The French surgeon Alphonse Guérin is hardly a household name today – but for a brief period in the late nineteenth century he was a European celebrity. Summoned to Rome to treat Pope Pius IX for a leg ulcer, he made such an impression that the pontiff expressed his thanks by describing him as ‘the greatest surgeon in Christendom’. Guérin responded wittily that ‘I bow in thankfulness to the judgment of your Holiness, which I accept unquestioningly, since it is infallible.’
Guérin owed much of his fame to a significant breakthrough he made in the battle against infection. In the 1860s he invented a method which he called pansement ouaté, and which entailed dressing wounds in layers of cotton wool to exclude air. Even before the adoption of the antiseptic technique of Joseph Lister, Guérin achieved a significant reduction in infection rates: in 1870 more than half of Guérin’s patients survived leg amputations without infection, a success rate unheard of in Paris at the time.
Some six years before that triumph, the Medical Times and Gazette reported a case of Guérin’s which caused a sensation – one of the few occasions on which a limb amputation has been performed by accident. Guérin recounted this unusual experience to a packed meeting of the Paris Society of Surgery in April 1864:
A woman, aged 63, entered the St. Louis Hospital for a dislocation of the shoulder of three months’ date, the arm being in a state of complete paralysis. The patient having been placed under chloroform, extension was made, through the medium of bands applied above the elbow and at the wrist, by four intelligent assistants.
A procedure which was already quite routine at this date. The basic technique involves pulling (‘extending’) the arm before manipulating the top of the humerus into the joint until it pops in with a satisfying clunk. Since this can require considerable force it may be traumatic for the patient, hence the use of chloroform.
This case sounds a particularly tricky one, given that the shoulder had been dislocated for several months; the paralysis was a bad sign, suggesting that serious damage had occurred to the nerves, blood vessels or both. But nobody was expecting what happened next.
While traction was thus being accomplished gently, a noise was suddenly heard, the separated limb fell to the ground, and the opened artery freely spirted out its blood.
‘Her arm fell off’ is a pretty dramatic complication for a routine procedure, and – it’s fair to say – a rare one.
This was compressed and tied; the projecting end of the bone was excised, and covered over by a lateral flap which had been left when the limb was torn away.
Making the best of a bad job: the surgeons found themselves unexpectedly performing an amputation.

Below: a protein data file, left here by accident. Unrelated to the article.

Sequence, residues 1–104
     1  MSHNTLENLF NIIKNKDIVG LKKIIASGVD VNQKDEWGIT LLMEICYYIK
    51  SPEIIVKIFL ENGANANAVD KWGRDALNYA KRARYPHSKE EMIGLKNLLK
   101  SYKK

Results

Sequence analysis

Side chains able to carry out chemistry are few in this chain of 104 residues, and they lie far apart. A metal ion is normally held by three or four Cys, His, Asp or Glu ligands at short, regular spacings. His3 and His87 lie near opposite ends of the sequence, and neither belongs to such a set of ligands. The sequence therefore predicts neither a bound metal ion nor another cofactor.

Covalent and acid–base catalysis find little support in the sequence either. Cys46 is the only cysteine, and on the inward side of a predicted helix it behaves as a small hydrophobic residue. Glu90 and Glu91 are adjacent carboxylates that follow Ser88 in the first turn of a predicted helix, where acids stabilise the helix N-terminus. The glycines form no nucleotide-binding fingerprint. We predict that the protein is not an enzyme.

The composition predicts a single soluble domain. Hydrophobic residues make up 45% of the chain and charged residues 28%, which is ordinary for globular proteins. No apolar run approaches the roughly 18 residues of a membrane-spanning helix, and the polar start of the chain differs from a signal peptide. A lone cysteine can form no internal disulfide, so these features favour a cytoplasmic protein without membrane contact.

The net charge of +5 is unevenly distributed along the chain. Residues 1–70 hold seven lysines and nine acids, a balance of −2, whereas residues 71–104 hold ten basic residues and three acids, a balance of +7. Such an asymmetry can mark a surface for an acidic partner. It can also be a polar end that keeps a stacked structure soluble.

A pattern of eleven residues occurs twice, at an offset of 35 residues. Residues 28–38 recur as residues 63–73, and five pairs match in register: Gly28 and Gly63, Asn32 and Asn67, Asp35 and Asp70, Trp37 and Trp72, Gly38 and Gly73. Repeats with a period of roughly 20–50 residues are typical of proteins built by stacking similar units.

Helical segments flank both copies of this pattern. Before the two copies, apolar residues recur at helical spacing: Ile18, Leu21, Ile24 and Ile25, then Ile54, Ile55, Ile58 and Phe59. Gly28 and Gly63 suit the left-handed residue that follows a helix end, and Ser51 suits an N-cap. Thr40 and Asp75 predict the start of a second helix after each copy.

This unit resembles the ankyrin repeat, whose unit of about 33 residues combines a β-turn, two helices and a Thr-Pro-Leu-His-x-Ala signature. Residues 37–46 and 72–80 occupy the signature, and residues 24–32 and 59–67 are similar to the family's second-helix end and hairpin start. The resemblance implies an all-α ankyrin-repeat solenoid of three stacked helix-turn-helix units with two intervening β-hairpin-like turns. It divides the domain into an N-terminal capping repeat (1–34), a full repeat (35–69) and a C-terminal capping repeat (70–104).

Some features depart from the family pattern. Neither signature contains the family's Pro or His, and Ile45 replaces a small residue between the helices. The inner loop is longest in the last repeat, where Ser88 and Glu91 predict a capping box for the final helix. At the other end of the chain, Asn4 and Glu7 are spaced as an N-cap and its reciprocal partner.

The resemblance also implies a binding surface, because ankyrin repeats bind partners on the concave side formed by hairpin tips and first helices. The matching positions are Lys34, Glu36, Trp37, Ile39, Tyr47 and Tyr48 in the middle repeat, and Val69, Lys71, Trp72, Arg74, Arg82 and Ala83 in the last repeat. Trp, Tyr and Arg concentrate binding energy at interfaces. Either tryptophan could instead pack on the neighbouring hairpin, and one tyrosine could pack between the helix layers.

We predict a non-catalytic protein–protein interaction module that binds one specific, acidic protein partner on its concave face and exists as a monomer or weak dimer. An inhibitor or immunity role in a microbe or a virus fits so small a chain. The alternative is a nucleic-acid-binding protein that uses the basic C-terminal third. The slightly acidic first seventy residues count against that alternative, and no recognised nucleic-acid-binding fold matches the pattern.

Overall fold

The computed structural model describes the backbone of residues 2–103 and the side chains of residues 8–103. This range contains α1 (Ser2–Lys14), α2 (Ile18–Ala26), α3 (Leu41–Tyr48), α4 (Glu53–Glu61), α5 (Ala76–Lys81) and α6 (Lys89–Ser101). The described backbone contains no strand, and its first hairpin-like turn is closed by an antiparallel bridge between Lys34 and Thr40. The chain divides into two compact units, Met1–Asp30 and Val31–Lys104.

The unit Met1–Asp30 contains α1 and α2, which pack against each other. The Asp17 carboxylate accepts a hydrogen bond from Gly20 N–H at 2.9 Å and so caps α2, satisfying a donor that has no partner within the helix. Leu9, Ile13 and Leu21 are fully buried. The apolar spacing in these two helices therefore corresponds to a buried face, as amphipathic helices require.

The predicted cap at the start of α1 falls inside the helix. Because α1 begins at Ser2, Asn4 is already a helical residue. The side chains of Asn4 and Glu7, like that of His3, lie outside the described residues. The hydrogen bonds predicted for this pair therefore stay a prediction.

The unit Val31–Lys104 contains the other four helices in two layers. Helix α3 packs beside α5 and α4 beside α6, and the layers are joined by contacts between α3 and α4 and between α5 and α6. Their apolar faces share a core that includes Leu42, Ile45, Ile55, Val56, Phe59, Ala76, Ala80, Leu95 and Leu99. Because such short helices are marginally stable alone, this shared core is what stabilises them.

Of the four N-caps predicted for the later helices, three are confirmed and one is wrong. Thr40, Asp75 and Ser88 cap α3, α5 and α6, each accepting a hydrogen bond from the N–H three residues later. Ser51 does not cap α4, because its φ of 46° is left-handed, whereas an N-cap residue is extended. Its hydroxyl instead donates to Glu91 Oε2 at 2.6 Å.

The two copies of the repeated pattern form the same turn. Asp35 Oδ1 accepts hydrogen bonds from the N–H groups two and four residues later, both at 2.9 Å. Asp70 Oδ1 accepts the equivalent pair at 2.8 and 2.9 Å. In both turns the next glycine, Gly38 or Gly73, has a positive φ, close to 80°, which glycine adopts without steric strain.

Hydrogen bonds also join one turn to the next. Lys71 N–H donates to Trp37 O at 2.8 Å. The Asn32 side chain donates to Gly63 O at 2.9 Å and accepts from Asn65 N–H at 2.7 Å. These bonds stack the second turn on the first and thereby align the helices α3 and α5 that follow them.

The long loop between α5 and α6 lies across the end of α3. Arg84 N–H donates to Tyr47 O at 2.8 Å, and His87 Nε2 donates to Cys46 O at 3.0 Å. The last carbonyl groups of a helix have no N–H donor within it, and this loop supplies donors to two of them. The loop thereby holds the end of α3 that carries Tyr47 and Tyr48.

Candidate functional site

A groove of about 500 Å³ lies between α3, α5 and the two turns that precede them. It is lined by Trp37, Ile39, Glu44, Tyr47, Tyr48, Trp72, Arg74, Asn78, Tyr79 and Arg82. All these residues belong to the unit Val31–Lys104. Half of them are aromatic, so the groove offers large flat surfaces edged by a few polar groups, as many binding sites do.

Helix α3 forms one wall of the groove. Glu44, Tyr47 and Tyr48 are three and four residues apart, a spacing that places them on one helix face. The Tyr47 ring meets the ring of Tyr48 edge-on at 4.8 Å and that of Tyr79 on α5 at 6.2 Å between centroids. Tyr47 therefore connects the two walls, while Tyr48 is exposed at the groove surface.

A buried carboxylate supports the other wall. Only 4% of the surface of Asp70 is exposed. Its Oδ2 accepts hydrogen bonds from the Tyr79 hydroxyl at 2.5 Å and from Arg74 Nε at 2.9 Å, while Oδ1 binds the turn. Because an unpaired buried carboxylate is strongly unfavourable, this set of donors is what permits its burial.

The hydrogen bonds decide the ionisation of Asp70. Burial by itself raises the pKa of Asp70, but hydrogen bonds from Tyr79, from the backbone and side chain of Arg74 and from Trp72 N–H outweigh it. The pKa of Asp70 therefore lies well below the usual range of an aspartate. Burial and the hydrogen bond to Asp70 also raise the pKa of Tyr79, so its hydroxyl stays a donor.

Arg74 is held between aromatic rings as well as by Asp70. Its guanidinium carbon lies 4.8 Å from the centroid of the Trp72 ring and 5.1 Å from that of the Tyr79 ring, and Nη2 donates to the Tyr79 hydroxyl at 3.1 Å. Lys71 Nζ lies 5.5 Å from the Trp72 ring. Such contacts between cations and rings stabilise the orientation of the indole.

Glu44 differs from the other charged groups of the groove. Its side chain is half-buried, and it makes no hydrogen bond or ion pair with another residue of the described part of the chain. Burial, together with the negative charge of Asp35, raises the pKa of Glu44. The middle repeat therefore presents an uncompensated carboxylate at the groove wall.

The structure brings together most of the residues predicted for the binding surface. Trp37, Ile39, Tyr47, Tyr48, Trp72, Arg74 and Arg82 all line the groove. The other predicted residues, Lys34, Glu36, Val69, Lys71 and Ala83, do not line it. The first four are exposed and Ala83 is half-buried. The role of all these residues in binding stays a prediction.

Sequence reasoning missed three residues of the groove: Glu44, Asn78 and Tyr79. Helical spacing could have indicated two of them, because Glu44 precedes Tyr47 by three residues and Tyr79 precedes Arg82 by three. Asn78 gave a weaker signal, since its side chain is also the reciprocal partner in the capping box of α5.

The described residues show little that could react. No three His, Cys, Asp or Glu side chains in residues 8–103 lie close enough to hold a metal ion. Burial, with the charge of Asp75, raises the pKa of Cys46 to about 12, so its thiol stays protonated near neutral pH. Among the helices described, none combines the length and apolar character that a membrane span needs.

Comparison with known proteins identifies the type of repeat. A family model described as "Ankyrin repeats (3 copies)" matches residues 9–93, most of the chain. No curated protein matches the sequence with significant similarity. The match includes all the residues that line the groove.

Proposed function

On examination, the limb was found to have separated at the elbow-joint, and every tissue, muscle, bone, vessels, etc., was found from one to the other in a soft and friable condition. The muscles separated under the pressure of the finger just as would a soft coagulum of blood; and the bones were also excessively friable. Microscopical examination further exhibited complete disintegration of the various tissues.
The lower part of the limb appeared to be completely dead.
This condition of the parts sufficiently explained the occurrence, but it remained a matter of great surprise that such changes, comprising all the tissues of the limb, should have continued latent and unrevealed by any outward sign.
The strangest part of this odd case was that there was no external indication that necrosis (tissue death) had occurred.
Neither oedema or any trace of inflammation or suppuration was present; and prior to the accident nothing was present besides the ordinary signs of an old dislocation. The traction employed was but moderate, the assistants standing quite erect.
In other words, they barely touched it, boss!
What on earth had happened? Naturally there were animated discussions between the numerous medics who had witnessed the extraordinary accident. The majority believed that it was the consequence of prolonged paralysis, which had caused the tissues to wither. One, M. Voillemier, suggested that the chloroform had made the muscles relax excessively, making it easy to tear them. Another, M. Broca, believed that pre-existing disease had made the bone and surrounding tissues unusually delicate. This suggestion may have some truth to it: a condition like osteoporosis may well have made the bones brittle.
There is another possibility, not mentioned at the time: the compression of major arteries may simply have prevented adequate blood from reaching the lower part of the arm, causing necrosis and eventually gangrene. If this was the case, however, it is surprising that the woman was not in any great pain – and one would expect it to be fairly obvious that the limb was so disastrously compromised.
Alas, is speculation was purely academic, since the case came to a sorry conclusion
M. Guerin’s patient died a few days after the accident, the autopsy furnishing no explanation of the cause of death. No statement is given as to whether the other bones of the skeleton manifested appearances of disease.